Then, I told him he could play his Nintendo DS until he fell asleep (I'm the Auntie, I get to do things like that instead of forcing him to go to bed at a reasonable hour like a responsible adult should). After about 20 minutes I heard his cute little voice calling my name, "Auntie, I'm bored. Will you read me another chapter?" What! Unlimited Nintendo DS is this kids dream in life! And he wants me to read him more of this silly book! Uh, okay. So I read him two more chapters and then turned off the lights.
The next day I expected him to have lost interest in the book, but no! He finds me and his Grandma sitting outside and walks over with the book and says, "Auntie. Read." Well, okay then. As a teacher, I could not help but insist that he summarize what had already transpired so as to catch Grandma up. His summary was succinct and precise. I love this kid! Did I mention he is in Special Education and diagnosed ADHD? Grumble, grumble, stupid school system, grumble. Anyway, I finish the book, and he loves it. He wants the next one in the series. We go to the book store (this is a kid who got to play hooky from school to hang out with me becuase I was only in town for a few days and I told him I would take him anywhere he wanted and we went to the bookstore). Unfortunately, the series is out of print.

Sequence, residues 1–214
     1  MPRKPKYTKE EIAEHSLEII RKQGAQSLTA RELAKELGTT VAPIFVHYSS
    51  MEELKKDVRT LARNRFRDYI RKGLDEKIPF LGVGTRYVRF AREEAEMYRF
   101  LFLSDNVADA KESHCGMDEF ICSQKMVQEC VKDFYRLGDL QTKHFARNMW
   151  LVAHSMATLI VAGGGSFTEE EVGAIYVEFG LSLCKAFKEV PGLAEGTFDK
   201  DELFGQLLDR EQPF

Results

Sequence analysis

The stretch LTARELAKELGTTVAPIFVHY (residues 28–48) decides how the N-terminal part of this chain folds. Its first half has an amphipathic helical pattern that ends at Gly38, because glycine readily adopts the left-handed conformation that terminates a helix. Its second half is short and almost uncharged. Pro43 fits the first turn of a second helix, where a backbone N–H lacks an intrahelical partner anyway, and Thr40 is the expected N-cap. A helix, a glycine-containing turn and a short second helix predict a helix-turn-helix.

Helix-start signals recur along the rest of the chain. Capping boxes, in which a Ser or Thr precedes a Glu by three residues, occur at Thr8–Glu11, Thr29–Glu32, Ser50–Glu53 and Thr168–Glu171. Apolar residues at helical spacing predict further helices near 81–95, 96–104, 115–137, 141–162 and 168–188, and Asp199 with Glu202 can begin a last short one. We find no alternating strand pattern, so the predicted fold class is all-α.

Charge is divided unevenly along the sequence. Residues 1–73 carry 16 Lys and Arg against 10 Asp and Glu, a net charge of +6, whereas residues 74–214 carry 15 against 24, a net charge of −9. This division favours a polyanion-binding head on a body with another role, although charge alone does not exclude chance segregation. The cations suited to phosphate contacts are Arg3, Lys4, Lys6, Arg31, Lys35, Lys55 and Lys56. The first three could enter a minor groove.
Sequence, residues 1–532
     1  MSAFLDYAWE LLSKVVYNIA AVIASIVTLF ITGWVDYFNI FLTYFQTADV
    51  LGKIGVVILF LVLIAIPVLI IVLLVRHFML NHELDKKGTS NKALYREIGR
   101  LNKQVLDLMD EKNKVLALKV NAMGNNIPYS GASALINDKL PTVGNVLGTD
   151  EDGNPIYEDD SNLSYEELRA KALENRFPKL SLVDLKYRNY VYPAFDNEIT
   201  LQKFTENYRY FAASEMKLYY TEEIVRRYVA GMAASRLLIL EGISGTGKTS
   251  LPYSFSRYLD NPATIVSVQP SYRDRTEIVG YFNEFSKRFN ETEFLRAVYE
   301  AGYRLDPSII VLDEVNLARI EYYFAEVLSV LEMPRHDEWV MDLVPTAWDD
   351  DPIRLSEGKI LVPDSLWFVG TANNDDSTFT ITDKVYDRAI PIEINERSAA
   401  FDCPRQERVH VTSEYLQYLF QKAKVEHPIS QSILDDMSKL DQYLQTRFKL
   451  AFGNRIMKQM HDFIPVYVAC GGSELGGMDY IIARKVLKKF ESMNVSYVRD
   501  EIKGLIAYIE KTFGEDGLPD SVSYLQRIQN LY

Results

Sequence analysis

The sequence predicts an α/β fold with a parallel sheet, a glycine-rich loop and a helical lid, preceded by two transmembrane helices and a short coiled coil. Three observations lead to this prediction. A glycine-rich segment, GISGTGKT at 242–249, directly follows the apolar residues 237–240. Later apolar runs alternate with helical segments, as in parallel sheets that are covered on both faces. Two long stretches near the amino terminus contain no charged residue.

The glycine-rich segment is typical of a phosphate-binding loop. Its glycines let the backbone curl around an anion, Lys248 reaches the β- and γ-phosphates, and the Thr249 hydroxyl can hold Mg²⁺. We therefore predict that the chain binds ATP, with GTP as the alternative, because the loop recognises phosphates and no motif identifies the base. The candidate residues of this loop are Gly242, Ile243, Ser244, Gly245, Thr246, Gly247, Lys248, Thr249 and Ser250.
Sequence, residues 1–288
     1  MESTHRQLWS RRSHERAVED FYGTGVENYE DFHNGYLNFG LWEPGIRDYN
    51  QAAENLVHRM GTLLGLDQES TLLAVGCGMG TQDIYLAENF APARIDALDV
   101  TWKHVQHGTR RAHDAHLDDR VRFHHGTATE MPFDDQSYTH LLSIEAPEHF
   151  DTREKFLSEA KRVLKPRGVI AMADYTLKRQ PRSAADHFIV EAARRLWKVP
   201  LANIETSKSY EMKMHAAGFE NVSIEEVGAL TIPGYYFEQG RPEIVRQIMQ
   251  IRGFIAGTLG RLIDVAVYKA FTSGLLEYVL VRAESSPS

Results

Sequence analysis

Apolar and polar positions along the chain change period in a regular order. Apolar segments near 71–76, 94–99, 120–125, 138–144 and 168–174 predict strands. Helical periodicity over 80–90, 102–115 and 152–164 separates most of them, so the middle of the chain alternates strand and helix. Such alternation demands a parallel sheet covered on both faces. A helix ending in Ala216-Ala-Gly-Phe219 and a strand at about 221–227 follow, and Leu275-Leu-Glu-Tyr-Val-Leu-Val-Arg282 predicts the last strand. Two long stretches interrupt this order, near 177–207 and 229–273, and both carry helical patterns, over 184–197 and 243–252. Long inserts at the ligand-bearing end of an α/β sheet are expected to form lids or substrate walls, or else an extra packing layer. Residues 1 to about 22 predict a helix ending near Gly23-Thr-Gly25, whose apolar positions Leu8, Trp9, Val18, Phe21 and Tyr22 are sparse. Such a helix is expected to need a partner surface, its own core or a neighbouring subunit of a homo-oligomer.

Instead, I bought us a copy of Boyds Will Be Boyds: Get Well Soon or Else by Sarah Weeks, who will be my teacher next Fall.
My mother was driving, so as soon as I got in the car I started reading to him (as a nerdly little kid I trained myself to be able to read in a moving car and not get sick). The book starts right in the middle of a conversation between the protagonist and Fink, about how they do not want to see their teacher in a nightgown. Through the conversation it is revealed that they are thinking about this because of their upcoming 5th grade, week-long, camping trip. At about the third page it provides a few sentences of exposition about who the main charatcer is and what his relationship is to Fink. From the backseat I hear, "Auntie, that sentence you just read should have been the first sentence. Becuase when it started I didn't know who was talking or who he was talking to. But now I know they're friends. So, it should have said..." And then, from memory, he recites the sentence I just read and creates a seemless transition to the first paragraph of the book. It was an awesome revision.
Did I mention he's brilliant?
Now, I don't think I will tell my teacher that a 9 1/2 year old kid revised her work, but I do know that his words have certainly answered the question I posed last week about how to start the first chapter of my novel!
Thanks, dude. Auntie loves you.